E-Tech International is a nonprofit organization based in New Mexico, USA, that provides environmental technical support to communities in less industrialized countries on the potential environmental impacts of large development projects. We work closely with partners in indigenous federations; local, state, and national governments; civil society; academia; and industrial professionals, as well as with the companies proposing or conducting the development. E-Tech is transparent in approach and becomes involved at the request of the communities and only when we feel our presence can positively influence the lives of community members.
Free, Prior and Informed Consent and the Importance of E-Tech's Work
Peter Kostishack is program director for Global Greengrants Fund and a board member of E-Tech and International Funders for Indigenous People (IFIP). On February 25, 2014, Peter opened a funders' briefing in San Francisco, co-sponsored by Swift and MacArthur Foundations, IFIP and Global Greengrants Fund, on the use of science in supporting indigenous free, prior, and informed consent with an unusual metaphor. To Peter, this consent is a gate with three faulty hinges. Click here to read on...
On October 23, 2016, E-Tech director Dick Kamp (left in photo) signed an agreement in Iquitos, Loreto, Peru with Rector Heiter Valderrama Freyre of the Universidad de Amazonia Peruana (UNAP) that commits the two institutions to cooperate in attempting to develop a certified laboratory that can provide environmental analysis to indigenous communities in the region facing crude oil contamination as well as a curriculum to help strengthen the capacity of the communities to remediate oil pollution.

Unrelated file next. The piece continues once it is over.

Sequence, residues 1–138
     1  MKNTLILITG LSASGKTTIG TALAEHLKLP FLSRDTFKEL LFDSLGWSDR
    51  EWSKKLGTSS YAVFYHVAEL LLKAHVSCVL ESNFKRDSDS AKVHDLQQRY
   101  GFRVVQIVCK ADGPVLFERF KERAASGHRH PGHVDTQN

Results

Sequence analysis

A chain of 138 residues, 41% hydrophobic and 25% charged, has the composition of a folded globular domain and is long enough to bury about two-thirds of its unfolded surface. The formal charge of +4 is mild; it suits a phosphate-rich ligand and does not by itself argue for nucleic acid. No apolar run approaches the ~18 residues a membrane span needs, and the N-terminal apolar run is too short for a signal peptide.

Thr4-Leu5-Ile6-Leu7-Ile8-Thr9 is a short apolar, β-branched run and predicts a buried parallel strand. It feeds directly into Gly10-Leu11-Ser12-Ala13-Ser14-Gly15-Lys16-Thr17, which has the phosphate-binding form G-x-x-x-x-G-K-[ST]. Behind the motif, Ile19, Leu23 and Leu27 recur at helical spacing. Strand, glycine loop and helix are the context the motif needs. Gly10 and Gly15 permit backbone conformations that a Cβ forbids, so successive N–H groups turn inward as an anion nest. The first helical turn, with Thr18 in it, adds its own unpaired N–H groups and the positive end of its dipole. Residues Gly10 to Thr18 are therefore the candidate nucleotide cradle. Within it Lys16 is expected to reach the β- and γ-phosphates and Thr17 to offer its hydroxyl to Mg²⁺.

On October 27, 2016, Ricardo Segovia and Lupita de Heredia traveled to Macas, Morona Santiago to provide technical expertise for the prefecture's workshop on large-scale mining impacts. Several days later, petroleum engineering students at the Escuela Politecnica Nacional in Iquitos enthusiastically welcomed the E-Tech'profs' (Ricardo Segovia, Ann Maest, Diana Papoulias and Lupita de Heredia).
2015 for E-Tech was a year where a number of our interventions “came unstuck”, sometimes after over a decade. Various commitments to work in Ecuador, Peru, and newly-oldly in Mexico became defined, through hard work on behalf of those affected by large scale extractive industry environmental impacts.